It seems that 1993 will be the year when fashion designers forsake their ivory towers for ever. There are signs that the new names are all for rolling up their sleeves and getting practical. Few of them have airs and graces. Even fewer boast chauffeur- driven cars or enjoy lavish soirees in upmarket restaurants. Maybe the fact that Marongiu takes the Metro round town is a sign of the times.
The feeling is that designers such as Marongiu are the future of fashion. And that 1993 could be his - and their - year. Whichever way you look at it, the fashion world is in for a tumultuous 12 months. The old guard are in turmoil. The luxury fashion houses are struggling to stay in profit. The couture market is in crisis. And, perhaps most relevant of all, the designers who have dominated fashion for more than a decade are running out of ideas. Let us prepare the way, then, for the new generation. In truth, many of them have been around for a few years already, but they are coming good (in both commercial and pure design terms) at about the same time.
Marongiu, a confident, intense 30-year- old, makes a good spokesman, not least because he speaks his mind. In common with many other new names, he has a hearty suspicion of ostentation and pretension. When we finally get down to a formal interview, he takes me to a cafe round the corner from his studio for an omelette and beer.
The important point Marongiu wants to make about his attitude to fashion is this: the clothes we buy should illuminate, rather than disguise, our personalities. 'I'm fed up with the idea of clothes used as armour. I think and hope that my generation doesn't need to fake it with clothes.'
Marongiu thinks designers need to concentrate more on making clothes and less on imagery. 'The problem is that the models and the photographers have become more important than the clothes. I don't like the crazy shows by people like Gaultier and Westwood. The clothes should do the talking.' He stabs at a hunk of mushroom omelette. 'The best designers make clothes that are interesting, but can sell and can be worn. In the end, we have to think of the poor woman in the shop who wants to buy clothes that she can wear.'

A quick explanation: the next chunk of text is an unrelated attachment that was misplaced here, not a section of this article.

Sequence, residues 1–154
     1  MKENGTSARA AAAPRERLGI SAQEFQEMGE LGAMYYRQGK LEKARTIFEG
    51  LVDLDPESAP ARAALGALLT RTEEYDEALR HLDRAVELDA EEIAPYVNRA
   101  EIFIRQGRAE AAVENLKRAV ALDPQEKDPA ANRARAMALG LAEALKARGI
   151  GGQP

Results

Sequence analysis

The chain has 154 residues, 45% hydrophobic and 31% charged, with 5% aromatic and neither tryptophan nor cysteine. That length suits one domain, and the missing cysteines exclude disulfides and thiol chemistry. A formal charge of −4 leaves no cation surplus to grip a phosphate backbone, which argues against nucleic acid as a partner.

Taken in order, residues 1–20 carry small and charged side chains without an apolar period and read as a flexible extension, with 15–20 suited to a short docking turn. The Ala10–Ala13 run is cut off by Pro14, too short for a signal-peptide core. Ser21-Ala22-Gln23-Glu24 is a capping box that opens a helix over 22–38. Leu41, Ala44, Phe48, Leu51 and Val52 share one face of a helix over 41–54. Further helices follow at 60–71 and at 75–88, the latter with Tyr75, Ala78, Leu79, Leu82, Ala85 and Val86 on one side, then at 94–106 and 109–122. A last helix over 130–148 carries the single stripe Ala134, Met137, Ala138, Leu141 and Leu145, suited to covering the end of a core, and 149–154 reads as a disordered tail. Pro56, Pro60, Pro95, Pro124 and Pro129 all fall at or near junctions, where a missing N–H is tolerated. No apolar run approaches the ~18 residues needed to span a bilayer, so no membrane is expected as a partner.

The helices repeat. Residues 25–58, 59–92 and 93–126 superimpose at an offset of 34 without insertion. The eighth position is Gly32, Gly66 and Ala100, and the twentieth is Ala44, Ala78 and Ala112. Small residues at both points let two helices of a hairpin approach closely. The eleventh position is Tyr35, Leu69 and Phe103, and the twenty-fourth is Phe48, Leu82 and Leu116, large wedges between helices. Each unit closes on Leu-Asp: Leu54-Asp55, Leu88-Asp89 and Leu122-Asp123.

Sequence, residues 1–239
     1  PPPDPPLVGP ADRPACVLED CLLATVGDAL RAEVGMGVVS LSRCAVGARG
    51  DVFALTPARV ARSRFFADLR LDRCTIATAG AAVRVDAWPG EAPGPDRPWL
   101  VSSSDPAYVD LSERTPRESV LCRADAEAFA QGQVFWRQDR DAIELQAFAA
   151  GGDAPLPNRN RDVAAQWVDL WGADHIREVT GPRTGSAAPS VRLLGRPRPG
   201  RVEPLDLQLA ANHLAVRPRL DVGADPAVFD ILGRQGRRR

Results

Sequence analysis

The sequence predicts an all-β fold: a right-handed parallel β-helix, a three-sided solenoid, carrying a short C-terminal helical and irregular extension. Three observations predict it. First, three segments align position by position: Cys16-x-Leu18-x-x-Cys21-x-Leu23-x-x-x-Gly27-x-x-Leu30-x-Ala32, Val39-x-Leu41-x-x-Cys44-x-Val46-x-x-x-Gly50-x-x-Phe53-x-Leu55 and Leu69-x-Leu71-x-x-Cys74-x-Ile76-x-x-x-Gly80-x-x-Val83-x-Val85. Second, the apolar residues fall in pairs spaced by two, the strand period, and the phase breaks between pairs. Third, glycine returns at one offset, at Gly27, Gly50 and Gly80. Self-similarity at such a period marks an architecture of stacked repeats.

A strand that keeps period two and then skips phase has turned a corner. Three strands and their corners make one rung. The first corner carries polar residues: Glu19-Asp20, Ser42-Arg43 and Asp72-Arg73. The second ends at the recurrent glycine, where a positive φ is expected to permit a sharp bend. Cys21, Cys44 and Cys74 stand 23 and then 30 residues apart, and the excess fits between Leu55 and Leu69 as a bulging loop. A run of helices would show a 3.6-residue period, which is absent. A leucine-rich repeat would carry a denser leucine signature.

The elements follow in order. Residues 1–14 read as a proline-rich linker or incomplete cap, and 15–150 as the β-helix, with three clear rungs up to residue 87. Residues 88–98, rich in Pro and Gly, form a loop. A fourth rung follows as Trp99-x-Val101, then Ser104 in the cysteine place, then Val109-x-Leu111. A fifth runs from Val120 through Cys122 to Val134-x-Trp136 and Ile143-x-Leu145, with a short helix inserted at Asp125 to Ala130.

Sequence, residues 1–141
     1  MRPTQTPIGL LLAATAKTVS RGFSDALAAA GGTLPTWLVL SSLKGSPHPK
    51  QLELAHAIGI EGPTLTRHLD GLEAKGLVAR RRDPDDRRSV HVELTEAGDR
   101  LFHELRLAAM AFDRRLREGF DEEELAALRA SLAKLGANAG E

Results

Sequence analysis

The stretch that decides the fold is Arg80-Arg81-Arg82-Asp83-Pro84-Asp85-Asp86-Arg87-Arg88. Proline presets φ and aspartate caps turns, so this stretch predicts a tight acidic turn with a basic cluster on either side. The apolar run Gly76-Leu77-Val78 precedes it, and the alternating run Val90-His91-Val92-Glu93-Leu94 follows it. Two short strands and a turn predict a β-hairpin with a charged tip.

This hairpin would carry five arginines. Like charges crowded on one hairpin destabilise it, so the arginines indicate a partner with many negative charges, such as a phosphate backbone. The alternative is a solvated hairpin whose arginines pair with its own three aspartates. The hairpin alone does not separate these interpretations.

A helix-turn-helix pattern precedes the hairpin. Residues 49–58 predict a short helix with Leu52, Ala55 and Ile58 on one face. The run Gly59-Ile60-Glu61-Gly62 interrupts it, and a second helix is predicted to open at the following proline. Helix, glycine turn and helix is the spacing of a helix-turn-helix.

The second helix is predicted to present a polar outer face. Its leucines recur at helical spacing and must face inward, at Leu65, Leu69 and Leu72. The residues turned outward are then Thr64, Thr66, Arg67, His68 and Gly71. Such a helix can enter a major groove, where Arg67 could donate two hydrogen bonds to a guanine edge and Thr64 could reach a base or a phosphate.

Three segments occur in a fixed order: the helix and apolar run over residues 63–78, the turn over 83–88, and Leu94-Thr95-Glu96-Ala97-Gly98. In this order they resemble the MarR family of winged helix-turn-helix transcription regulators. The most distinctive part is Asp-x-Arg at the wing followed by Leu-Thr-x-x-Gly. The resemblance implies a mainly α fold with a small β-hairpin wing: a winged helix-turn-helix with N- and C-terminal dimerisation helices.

All good common-sense stuff, of course, but often forgotten in the feverish world of designer fashion. Marongiu's design priorities are shape and silhouette rather than elaborate details and bright colours. His spring collection puts the emphasis on layers: long, wrapped, high-waisted skirts, pinstripe waistcoats and maxi-waistcoats, wrap skirts and tops, shirt-vest combinations, and stretch jersey knitwear.
He spends much of his time developing new fabrics: for spring, there are stretch jackets in a crumpled, battered-look, tie-dye fabric that mixes linen, cotton and Lycra.
Marongiu is Franco-Swedish. He worked in fashion illustration in Stockholm before setting up his own business in Paris in the mid-Eighties. The mix of nationalities in the new wave of designers confirms that the fashion boundaries are expanding beyond the Paris-Milan-London triangle.
Of the other new names, Martin Margiela and Ann Demeulemeester are both from Belgium and Helmut Lang from Austria. Jean Colonna is from France via Algeria. Britain's most influential retailers are taking the new wave very seriously indeed. This coming spring, Joseph is stocking Margiela, Marongiu and Demeulemeester for the first time. Browns, the South Molton Street fashion institution, is bringing in Margiela, Demeulemeester and Lang. Lyn Gardner, buyer for Square in Bath, was the first to buy Marongiu. 'The new designers have an exciting spirit, but they are not too young and trendy. I can sell Marongiu to a 40-year-old as well as a 20-year-old.'
Joseph Ettedgui, the London retailer, senses a new mood. 'I've been waiting a long time for this. Some of the big names are over-exposed; the time is right for new designers to come through.'
They are well placed because they understand how the market has changed. They started up their businesses when the spend, spend, spend mood of the Eighties was already on the wane. As Marongiu puts it: 'I began when times were tough. I'm making clothes for my generation, which doesn't have loads of money to spend on fashion.'
He believes designers have a responsibility not to short-sell their customers. 'People are very insecure. Some designers take advantage of that. But you've got to have respect for the consumer. Otherwise, why should they buy my clothes?'
Marcel Marongiu spring collection available from late January at: Whistles, 12-14 St Christopher's Place, London W1; 15 Princes Square, Glasgow; 9 High Street, Oxford; Jones, 13 Floral Street, London WC2; Joseph, 77 Fulham Rd, London SW3; Square, 3-4 The Corridor, Bath.
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